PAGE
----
Palestinian contractors set to gain from Israeli tech firm’s takeover

A technician at work at Mellanox Technologies in Yokneam, Israel. (Reuters)
Updated 17 June 2019

Palestinian contractors set to gain from Israeli tech firm’s takeover

  • The chipmaker offered stock options to more than 100 Palestinian engineers in the occupied West Bank and Gaza Strip

RAWABI, WEST BANK/TEL AVIV: Palestinian engineers working for Israeli chip designer Mellanox Technologies are poised to share a $3.5 million payout when the company’s takeover by US chip supplier Nvidia Corp. is completed.

Mellanox is one of a handful of Israeli firms that have begun to collaborate with the emerging Palestinian tech scene, bypassing the political conflict to tap a growing pool of engineers at costs they say are comparable to hiring from engineering expertise in India or Ukraine.

The chipmaker offered stock options to more than 100 Palestinian engineers in the occupied West Bank and Gaza Strip when it hired them as contractors, even though they are not permanent staff, as a shortage of engineers in Israel makes their skills highly sought after by multinationals.

Mellanox says its Palestinian designers and coders, outsourced through software firm ASAL Technologies, will now be able to exercise those options after Nvidia’s $6.8 billion takeover closes at the end of 2019, and stand to collectively earn as much as $3.5 million.

“We’re very proud they have equity, the same as all other employees in the company,” Mellanox Chief Executive Eyal Waldman told Reuters in an interview.

“Thirty, forty thousand dollars for an employee in the West Bank or in Gaza is a lot of money,” Waldman added, noting that unemployment there hovers at around 40 percent.

The median daily wage in the West Bank is $28 and just $11 in Gaza, according to the Palestine Economic Policy Research Institute.

ASAL CEO Murad Tahboub said 125 of his 350 employees work exclusively for Mellanox, which makes products that connect databases, servers and computers, and they were given options in a bid to reduce job hopping among workers.

“(Mellanox) saw value, they saw loyalty in the relationship,” Tahboub said in his office in a bustling high-tech center in Rawabi, the first Palestinian planned city in the West Bank. “The Israeli market provides an opportunity for the whole Palestinian high-tech sector.”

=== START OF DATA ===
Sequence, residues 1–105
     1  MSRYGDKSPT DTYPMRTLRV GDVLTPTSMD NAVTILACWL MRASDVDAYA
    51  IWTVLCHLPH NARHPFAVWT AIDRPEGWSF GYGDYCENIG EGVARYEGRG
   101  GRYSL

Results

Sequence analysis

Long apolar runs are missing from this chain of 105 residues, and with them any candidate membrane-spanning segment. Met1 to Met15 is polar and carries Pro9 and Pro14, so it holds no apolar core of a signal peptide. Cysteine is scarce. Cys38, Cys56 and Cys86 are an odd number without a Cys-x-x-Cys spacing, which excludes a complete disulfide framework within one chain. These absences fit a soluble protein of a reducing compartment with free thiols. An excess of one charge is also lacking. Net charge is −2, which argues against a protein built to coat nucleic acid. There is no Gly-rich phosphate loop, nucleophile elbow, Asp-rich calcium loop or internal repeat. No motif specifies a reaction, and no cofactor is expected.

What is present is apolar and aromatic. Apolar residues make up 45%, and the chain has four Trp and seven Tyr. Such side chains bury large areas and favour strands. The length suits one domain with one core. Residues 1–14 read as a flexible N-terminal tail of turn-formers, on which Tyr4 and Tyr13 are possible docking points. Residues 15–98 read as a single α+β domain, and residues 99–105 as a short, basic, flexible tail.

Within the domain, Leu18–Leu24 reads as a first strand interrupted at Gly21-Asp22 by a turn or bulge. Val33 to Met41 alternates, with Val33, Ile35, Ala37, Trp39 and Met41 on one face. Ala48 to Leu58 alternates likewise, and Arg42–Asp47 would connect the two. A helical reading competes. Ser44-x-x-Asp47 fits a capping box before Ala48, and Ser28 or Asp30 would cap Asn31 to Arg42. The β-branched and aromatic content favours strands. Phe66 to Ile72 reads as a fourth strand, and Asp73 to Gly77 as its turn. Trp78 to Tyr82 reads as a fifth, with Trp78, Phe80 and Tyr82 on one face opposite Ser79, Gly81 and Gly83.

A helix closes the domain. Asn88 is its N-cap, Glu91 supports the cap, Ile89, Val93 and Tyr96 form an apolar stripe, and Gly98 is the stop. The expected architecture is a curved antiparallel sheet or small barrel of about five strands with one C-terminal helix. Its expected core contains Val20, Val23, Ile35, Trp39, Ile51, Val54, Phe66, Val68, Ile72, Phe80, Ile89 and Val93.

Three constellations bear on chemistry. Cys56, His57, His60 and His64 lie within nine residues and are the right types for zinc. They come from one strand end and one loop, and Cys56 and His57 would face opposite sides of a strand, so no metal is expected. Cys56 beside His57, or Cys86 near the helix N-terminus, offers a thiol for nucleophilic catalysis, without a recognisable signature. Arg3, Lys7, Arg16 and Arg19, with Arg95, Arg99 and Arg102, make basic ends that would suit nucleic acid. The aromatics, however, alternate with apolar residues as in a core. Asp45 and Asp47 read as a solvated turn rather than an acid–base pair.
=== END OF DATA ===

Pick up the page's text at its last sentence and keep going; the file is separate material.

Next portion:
ASAL’s other clients include Microsoft, Intel and Cisco. Tahboub said his engineers designed 70 percent of Cortana, the virtual assistant created by Microsoft.

High-tech provides a unique opportunity for Palestinians, whose universities produced around 3,000 engineers in 2018, Tahboub said.

Still, Tahboub said Israeli restrictions — particularly curbs on the movement of goods and people in and out of the West Bank and Gaza — deter multinationals from investing in or outsourcing from the Palestinian territories.

“(Investors) avoid risk. Why should I invest in a startup in Palestine if I’m not sure if the owner of that startup can travel to the US?” Tahboub asked.

Those challenges are intimately felt in Gaza, whose economy has suffered from years of Israeli and Egyptian blockades. Economic cooperation between Israel and Gaza is mostly limited to merchants importing goods, including cement and petrol.

Both Mellanox and ASAL agree tech can be a major boost for Gaza, and they plan to increase their joint remote workforce in Gaza from 25 engineers currently.

Waldman hopes the two companies’ collaboration will help improve relations and reduce tensions between Israelis and Palestinians.

“The more positive friction there is between the two people the better it is for us, for the environment, for the Israelis, for the Palestinians,” Waldman said. “I think we can have an impact.”


Car bomb targeting Turkish contractors explodes in town outside Somali capital

Updated 45 min 35 sec ago

Car bomb targeting Turkish contractors explodes in town outside Somali capital

  • “A speeding suicide car bomb rammed into a place where the Turkish engineers and Somali police were having lunch,” an officer said
  • It was not know who carried out the attack but residents and police said Al-Shabab fighters had tried to attack Afgoye on Friday

MOGADISHU: A car bomb targeting a group of Turkish contractors exploded on Saturday in Afgoye, northwest of the Somali capital Mogadishu, police said.
There was no immediate word on any fatalities.
“A speeding suicide car bomb rammed into a place where the Turkish engineers and Somali police were having lunch,” police officer Nur Ali told Reuters from Afgoye.
It was not know who carried out the attack but residents and police said Al-Shabab fighters had tried to attack Afgoye, about 30 km from Mogadishu, late on Friday and were repulsed.
The Al-Qaeda-linked militant group has claimed responsibility for past attacks in its campaign to overturn Somalia’s UN-backed government.
“We heard a huge blast and soon clouds of smoke into the air. Before the blast, several Turkish engineers and well armed convoy of Somali police were at the scene,” Farah Abdullahi, a shopkeeper, told Reuters from Afgoye.
“We see casualties being carried but we cannot make if they are dead or injured.”
Since a 2011 famine in Somalia, Turkey has been a major source of aid to the country as Ankara seeks to increase its influence in the Horn of Africa in contest with Gulf rivals like Saudi Arabia and the United Arab Emirates.
Turkish engineers are helping with road construction in Somalia. A group of engineers was among those hit in late December in a blast at a checkpoint in Mogadishu that killed at least 90 people.